Black Monday, Take Two
A quick look at what happened on Sept. 29.
It was the worst day in the U.S. stock market since Black Monday in October 1987. In fact, in terms of the absolute dollar market value wiped out--more than $1 trillion--Sept. 29, 2008, is the worst day on record.
And while academics still argue about what caused the market meltdown back in 1987, we had no shortage of reasons for this week's version. The day started off badly, and only got worse. First came news over the weekend of continued financial turmoil in Europe, with governments and central bankers stepping in to rescue several troubled institutions. Then came the announcement of the shotgun marriage of a crippled Wachovia with Citigroup (C), which was hastily arranged before the market's open. Then later on Monday morning came downgrades of Apple (AAPL) by sell-side analysts, which triggered a sharp decline in the technology sector.
Finally, the biggie. The House of Representatives failed to pass the $700 billion plan for the government to buy up troubled mortgage assets. As Pat Dorsey and Eric Jacobson argued on Morningstar.com over the weekend, the Treasury plan may not have been perfect, but it was a reasonable response to the crisis our banking system has gotten itself into.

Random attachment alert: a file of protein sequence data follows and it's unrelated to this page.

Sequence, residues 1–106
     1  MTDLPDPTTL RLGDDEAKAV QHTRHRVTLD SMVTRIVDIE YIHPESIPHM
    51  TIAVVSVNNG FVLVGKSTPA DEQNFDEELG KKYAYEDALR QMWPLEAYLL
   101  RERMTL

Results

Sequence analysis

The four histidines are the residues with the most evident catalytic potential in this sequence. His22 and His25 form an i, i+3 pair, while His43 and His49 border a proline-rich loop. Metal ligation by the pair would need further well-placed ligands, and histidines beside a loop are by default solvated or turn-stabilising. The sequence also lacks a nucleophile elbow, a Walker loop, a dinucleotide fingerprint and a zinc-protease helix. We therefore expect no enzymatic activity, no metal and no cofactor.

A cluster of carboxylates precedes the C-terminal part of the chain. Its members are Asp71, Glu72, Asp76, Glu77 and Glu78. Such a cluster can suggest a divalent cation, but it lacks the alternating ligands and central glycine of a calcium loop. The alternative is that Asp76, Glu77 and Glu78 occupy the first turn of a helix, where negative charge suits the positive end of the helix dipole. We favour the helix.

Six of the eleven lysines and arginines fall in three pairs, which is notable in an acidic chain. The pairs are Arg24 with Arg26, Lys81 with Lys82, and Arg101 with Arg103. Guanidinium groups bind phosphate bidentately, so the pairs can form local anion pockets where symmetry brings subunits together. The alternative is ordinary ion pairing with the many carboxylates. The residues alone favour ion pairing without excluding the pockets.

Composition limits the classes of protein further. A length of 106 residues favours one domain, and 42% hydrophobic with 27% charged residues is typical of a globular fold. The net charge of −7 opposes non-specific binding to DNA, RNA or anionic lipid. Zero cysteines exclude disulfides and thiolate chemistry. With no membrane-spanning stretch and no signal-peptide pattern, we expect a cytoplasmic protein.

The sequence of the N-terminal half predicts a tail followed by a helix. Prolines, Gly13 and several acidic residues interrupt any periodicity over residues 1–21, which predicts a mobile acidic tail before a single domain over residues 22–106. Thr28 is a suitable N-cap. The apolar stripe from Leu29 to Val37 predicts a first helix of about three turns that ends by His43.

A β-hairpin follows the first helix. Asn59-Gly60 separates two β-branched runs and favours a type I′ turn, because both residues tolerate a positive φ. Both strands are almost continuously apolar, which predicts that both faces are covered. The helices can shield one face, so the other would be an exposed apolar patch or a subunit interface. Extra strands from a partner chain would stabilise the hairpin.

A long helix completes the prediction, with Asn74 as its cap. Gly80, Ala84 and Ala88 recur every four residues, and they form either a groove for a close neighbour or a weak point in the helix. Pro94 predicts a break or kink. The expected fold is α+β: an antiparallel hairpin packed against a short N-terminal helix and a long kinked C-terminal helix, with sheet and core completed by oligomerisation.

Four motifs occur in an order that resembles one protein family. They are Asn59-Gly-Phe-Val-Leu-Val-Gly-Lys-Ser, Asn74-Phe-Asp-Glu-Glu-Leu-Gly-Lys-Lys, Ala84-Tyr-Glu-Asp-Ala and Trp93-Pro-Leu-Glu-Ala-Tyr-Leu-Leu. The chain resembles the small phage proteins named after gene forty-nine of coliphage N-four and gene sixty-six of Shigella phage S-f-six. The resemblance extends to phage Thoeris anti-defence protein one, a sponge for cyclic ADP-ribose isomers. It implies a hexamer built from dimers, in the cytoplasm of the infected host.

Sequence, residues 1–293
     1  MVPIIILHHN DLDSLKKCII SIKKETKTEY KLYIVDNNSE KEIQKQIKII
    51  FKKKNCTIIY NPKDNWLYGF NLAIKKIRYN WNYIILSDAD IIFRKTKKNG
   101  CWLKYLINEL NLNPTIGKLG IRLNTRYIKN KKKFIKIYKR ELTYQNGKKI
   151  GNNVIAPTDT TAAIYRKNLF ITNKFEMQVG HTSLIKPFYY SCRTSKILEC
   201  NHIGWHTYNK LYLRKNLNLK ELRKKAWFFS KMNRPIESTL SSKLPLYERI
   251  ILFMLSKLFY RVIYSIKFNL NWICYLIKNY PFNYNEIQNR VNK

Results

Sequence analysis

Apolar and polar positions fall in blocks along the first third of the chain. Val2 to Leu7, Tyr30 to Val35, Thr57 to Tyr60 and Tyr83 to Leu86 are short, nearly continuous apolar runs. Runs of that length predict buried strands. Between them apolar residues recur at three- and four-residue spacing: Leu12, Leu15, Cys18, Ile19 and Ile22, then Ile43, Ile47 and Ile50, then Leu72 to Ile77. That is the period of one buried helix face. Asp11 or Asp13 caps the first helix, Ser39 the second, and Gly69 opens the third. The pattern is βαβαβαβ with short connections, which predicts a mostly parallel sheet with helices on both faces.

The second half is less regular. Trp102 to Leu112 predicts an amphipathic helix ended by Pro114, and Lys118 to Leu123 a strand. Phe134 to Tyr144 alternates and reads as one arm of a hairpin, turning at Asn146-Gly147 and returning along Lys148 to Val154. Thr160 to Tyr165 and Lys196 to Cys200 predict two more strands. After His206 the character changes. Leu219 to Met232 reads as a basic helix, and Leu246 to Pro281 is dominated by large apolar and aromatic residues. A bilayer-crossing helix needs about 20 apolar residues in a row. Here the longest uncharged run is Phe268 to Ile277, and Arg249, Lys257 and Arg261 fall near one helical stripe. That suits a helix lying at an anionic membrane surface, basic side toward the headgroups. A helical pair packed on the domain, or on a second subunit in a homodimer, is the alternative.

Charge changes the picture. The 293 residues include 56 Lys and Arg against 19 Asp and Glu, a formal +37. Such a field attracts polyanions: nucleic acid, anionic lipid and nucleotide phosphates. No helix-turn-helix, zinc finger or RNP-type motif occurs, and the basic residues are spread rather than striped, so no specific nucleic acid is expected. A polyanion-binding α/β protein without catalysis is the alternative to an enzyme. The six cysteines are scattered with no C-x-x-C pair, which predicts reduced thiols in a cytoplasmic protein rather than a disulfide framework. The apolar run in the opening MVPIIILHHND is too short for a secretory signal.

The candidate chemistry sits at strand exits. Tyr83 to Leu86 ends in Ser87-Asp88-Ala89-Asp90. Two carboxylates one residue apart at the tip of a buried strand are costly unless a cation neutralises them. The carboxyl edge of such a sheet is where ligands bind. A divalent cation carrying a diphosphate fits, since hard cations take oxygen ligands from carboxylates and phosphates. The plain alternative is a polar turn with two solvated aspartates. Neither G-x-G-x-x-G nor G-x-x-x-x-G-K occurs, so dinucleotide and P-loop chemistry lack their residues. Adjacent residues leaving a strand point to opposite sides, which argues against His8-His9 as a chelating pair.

The Morningstar U.S. Market Index ended the day down 8.5%, mirroring the sharp declines in the Dow Industrials and S&P 500 Index. Stocks were down. Bonds were down. Commodities--except for gold--were down. And foreign markets got crushed as well. Among the biggest equity losers were bank stocks, including Sovereign Bancorp , Regions Financial (RF), and Fifth Third Bancorp (FITB). You can see other stock losers here. And for a good overview of foreign markets, please see this piece from our ETF team.
The chart below shows how stocks fared across the Morningstar sectors. As you can see, there was no respite from the selling, although utilities, health care, and consumer goods held up relatively well.
|Morningstar Sector Idx Declines 9/29 (%)|
We see a similar story looking at returns for each Morningstar style box. Yes, small caps held up relatively well, but they were still down significantly.
We expect to see more dramatic volatility in the days ahead--either up or down--as the market digests new information. We also think it will take a long time for this credit crisis to play itself out. Given the complexity of our financial system, it's literally beyond anyone's ability to forecast where we end up six months or a year from now. We would reiterate one thing, however. Selling into a panicked market has never been a recipe for long-term investment success. Taking the long view of equity markets, declines like these periodically happen and are something that investors occasionally have to live through.